Adams proved to be a good choice. He led the league with 26 goals in 1921-22. After three seasons with Vancouver, he returned to Toronto, where he remained until 1925-26. Then, the scent of another Stanley Cup took him to Ottawa. It was good thinking. The Senators were loaded: King Clancy, Frank Nighbor, Hooley Smith, Cy Denneny and other quality players. They won the Stanley Cup in 1927. Although no one could have suspected it then, this was an historic occasion. It marked the last time the Cup has been won by a team from Ottawa, where its donor, Lord Stanley of Preston, had the original inspiration for the trophy.

Although he had moved around freely enough as a player, Adams, in later years as manager and coach, had no trouble defending the rigid control which the NHL exercised over the movement of its players. The reserve clause in their contracts dictated that once a player signed, he was the property of that club until his contract was sold or traded. Even young, unsigned players whose names appeared on the various teams' reserve lists were unapproachable.

Adams, like his contemporaries, argued the system was fair. They offered careers which were unavailable anywhere else and they were entitled to protect their talent. Amazingly there were few challenges to the arrangement. Playing in the NHL was a dream that wasn't to be threatened by talk about free agency.

One of Adams' big coups, of course, was the signing of Gordie Howe, especially since Howe, one of the greatest prizes in the history of the game, had slipped through the fingers of Lester Patrick. Although deservedly pround of his coup. Adams found excuses for Patrick. He preferred to point out that Howe was only 14 when he showed up at the New York Rangers tryout camp in Winnipeg. The Rangers scouts had provided Patrick with a rich crop of hopefuls more experienced than Howe was. In short, Patrick was a victim of his own riches. He had no time for 14-year-olds.

Adams claimed he might have missed Howe, too, if he hadn't broken up his own candidates into small groups, separating them from the regulars. That way, he got a better look at individuals. As soon as he saw Howe, he claimed, he knew he had something special. He had that right. Howe played 1,767 games in the NHL, scored 801 goals, then took a couple of years off before coming back for a second career in the World Hockey Association.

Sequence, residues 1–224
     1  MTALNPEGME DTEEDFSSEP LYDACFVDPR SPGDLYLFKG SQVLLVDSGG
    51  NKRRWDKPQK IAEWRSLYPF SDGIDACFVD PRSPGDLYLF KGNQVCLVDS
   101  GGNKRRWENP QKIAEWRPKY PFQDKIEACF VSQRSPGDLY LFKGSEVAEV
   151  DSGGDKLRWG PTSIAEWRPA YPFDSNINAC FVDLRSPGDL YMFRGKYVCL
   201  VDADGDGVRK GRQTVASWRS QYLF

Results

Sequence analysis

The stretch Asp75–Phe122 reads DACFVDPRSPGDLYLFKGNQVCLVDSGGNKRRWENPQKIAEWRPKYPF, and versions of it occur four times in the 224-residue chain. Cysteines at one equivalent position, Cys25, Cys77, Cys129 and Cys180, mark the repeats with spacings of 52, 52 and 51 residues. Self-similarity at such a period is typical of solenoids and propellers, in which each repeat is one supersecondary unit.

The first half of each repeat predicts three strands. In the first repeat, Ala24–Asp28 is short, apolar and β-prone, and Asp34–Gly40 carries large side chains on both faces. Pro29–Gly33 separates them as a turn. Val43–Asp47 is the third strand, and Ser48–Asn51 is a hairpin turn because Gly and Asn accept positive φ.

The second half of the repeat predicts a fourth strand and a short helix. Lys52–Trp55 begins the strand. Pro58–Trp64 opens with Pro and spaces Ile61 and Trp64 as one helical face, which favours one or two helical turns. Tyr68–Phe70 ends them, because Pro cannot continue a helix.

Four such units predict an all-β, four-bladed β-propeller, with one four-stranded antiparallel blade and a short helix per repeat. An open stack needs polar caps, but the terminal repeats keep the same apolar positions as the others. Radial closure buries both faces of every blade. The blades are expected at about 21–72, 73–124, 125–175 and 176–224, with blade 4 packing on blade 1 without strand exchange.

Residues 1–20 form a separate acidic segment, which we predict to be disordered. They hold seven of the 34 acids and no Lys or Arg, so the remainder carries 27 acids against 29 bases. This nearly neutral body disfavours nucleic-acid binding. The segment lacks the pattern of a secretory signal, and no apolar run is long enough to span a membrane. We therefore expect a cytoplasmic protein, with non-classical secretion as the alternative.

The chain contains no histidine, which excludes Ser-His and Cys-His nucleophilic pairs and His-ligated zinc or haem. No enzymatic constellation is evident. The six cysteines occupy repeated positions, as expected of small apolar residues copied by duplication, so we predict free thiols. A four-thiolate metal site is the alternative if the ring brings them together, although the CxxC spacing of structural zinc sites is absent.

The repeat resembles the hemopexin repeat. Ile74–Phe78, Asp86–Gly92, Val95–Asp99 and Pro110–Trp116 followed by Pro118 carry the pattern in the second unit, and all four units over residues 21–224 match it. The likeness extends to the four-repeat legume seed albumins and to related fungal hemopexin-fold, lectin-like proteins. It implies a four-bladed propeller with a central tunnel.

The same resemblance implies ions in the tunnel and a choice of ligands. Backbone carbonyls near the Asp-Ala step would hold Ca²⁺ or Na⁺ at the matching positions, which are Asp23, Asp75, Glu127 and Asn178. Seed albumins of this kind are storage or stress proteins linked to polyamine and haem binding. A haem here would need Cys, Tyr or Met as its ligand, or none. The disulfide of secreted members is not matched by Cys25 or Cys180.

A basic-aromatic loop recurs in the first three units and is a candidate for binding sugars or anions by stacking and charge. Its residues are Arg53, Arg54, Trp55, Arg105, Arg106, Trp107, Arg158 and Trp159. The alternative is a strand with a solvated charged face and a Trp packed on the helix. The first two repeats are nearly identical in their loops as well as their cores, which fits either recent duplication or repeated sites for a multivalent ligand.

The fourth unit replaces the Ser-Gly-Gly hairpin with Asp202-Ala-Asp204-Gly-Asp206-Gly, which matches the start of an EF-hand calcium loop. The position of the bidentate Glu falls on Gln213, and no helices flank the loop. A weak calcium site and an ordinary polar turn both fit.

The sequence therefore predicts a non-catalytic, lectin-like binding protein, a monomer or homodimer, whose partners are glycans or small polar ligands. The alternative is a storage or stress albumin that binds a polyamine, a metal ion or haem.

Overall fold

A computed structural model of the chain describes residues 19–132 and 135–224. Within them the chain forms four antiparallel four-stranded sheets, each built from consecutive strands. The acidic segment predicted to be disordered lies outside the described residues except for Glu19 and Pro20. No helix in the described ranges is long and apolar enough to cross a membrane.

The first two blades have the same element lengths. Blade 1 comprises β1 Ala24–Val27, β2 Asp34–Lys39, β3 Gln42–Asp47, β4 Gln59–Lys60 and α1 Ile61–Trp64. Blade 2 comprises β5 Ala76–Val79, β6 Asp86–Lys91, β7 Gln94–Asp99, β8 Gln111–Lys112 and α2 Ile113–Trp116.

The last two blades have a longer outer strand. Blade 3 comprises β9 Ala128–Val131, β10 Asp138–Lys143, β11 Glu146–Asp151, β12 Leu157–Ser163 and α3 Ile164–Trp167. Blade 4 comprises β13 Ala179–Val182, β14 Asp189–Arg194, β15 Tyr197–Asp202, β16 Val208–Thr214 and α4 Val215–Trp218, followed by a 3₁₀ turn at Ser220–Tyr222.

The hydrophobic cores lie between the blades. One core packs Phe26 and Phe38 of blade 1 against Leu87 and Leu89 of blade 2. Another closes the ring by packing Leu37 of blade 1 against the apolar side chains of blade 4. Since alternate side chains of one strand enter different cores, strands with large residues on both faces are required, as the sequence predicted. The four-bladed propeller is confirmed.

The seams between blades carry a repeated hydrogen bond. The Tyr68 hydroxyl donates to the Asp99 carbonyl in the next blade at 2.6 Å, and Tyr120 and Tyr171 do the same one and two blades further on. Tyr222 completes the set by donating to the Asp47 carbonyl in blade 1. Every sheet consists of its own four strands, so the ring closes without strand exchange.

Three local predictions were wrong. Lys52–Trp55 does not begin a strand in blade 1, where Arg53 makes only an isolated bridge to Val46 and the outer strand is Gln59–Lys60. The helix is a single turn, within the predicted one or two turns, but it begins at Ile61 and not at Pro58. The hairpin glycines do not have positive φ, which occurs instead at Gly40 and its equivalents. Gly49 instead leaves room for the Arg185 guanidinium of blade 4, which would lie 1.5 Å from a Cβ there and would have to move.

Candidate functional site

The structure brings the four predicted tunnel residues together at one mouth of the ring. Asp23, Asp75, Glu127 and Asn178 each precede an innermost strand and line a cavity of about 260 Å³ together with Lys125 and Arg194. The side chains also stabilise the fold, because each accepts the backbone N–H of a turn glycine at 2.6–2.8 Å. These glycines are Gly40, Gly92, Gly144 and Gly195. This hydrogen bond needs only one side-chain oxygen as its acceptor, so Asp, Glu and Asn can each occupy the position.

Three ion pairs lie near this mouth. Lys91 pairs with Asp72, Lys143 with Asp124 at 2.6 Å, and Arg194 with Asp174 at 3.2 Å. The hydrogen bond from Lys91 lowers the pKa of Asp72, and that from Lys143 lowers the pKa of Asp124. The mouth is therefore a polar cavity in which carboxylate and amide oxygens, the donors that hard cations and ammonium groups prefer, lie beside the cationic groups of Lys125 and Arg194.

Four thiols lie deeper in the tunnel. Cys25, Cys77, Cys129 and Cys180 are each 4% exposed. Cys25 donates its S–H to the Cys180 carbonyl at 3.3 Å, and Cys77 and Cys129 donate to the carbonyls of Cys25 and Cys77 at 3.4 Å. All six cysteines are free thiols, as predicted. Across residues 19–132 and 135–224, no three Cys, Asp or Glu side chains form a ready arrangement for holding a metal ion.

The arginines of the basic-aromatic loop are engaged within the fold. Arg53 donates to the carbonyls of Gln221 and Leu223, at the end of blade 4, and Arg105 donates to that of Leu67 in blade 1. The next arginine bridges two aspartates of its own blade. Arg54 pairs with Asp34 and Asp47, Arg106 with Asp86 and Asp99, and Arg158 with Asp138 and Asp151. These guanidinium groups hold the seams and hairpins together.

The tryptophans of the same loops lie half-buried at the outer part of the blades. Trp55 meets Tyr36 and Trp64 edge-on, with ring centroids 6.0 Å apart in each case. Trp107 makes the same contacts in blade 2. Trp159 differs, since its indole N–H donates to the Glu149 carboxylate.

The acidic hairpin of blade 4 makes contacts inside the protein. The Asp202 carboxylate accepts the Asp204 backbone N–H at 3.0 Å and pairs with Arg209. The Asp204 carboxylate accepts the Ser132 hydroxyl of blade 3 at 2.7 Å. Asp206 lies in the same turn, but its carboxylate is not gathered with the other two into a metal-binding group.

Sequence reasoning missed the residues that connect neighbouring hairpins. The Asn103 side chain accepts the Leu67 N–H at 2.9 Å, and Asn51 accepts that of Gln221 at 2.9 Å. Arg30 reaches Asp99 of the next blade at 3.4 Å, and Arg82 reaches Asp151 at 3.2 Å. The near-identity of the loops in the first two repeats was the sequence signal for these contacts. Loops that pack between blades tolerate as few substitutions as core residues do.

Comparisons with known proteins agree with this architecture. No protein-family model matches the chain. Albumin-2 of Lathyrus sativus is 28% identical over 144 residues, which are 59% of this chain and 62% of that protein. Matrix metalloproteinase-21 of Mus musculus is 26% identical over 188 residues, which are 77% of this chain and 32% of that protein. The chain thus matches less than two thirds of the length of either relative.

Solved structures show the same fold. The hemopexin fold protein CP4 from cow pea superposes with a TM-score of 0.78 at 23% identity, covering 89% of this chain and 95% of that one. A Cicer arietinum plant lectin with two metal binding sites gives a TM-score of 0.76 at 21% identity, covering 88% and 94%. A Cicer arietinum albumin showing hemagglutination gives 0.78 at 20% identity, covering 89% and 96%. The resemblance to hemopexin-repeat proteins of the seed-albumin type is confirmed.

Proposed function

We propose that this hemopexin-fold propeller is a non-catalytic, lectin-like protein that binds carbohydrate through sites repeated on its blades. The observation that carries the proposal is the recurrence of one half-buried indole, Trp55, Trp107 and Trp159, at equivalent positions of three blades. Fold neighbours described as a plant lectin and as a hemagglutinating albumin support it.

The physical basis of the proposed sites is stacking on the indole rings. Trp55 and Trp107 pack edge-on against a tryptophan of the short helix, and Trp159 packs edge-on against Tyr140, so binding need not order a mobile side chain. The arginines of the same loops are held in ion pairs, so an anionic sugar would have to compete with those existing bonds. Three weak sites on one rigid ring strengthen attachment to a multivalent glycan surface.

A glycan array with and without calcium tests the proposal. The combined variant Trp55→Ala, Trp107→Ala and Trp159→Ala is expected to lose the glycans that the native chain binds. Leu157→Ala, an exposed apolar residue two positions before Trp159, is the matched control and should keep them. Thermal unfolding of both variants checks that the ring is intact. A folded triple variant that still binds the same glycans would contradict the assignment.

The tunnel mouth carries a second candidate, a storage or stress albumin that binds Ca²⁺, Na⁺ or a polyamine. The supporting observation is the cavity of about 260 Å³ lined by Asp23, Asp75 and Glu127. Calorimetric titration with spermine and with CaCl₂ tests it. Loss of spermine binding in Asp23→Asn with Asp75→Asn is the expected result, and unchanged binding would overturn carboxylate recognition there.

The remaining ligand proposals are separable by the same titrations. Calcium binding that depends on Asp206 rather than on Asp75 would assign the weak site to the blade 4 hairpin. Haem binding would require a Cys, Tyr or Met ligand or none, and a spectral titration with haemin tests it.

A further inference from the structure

As Adams used to point out, though, the road to success in the NHL was pitted with traffic bumps, and few hockey personalities suffered greater embarrassment than he did in the 1941-42 Stanley Cup final. After winning the first three games from the seemingly outclassed Toronto Maple Leafs, the Red Wings went into a tailspin and lost the remaining four. This never had happened before (or since) in the Stanley Cup finals. Adams himself had contributed to his team's undoing when, frustrated with the officiating, he went on the ice, with seconds remaining in the fourth game, in an attempt to attack referee Mel Harwood. League president Frank Calder ignored the Detroit manager's contention that he merely wanted to question the official. Adams was fined and suspended.

Naturally, he took a severe beating in the press, especially outside Detroit. Some of the reviews were so vitriolic that Adams consulted a lawyer and threatened libel suits against some of his critics. None of them ever had to appear in court, but a few considered it advisable to skip assignments in Detroit until tempers cooled. When Adams was presented with a Lincoln car by his admirers in Detroit, 10 years later, congratulations came from many of the typewriter jockeys who had been most caustic.

They didn't make the mistake of concluding Adams had mellowed, however. And, within a year, they had evidence that the fires of competition still burned within his ample belly. the headlines read that Adams had put himself in jeopardy of a $1,000 fine for barging into the referee's room between periods of a game in Detroit. The opposition was the Montreal Canadiens, who were high on Adams' hate list, right behind Toronto. Again, Adams insisted a mistake had been made. He had been invited into the room, he said, to discuss something that had come up during the period. Unfortunately, referee Red Storey couldn't recall issuing the invitation.

As had happened to his boss, Jim Norris Sr., Adams eventually got the news: he shouldn't even watch games in which the Red Wings were involved. He compromised by leaving the games and walking the streets after the second period. Construction of the Yonge Street subway was under way in Toronto at the time, and Adams used to joke that he supervised the project. It didn't help his blood pressure much, though, because he was constantly asking the workers if they had heard any score from Maple Leaf Gardens.

Adams suffered the inevitable fate of managers and coaches in 1962. He got fired. He was 66 by that time and maybe it was time to go. But, after 44 years in the NHL, counting his years as a player, even his most relentless critics agreed he deserved better.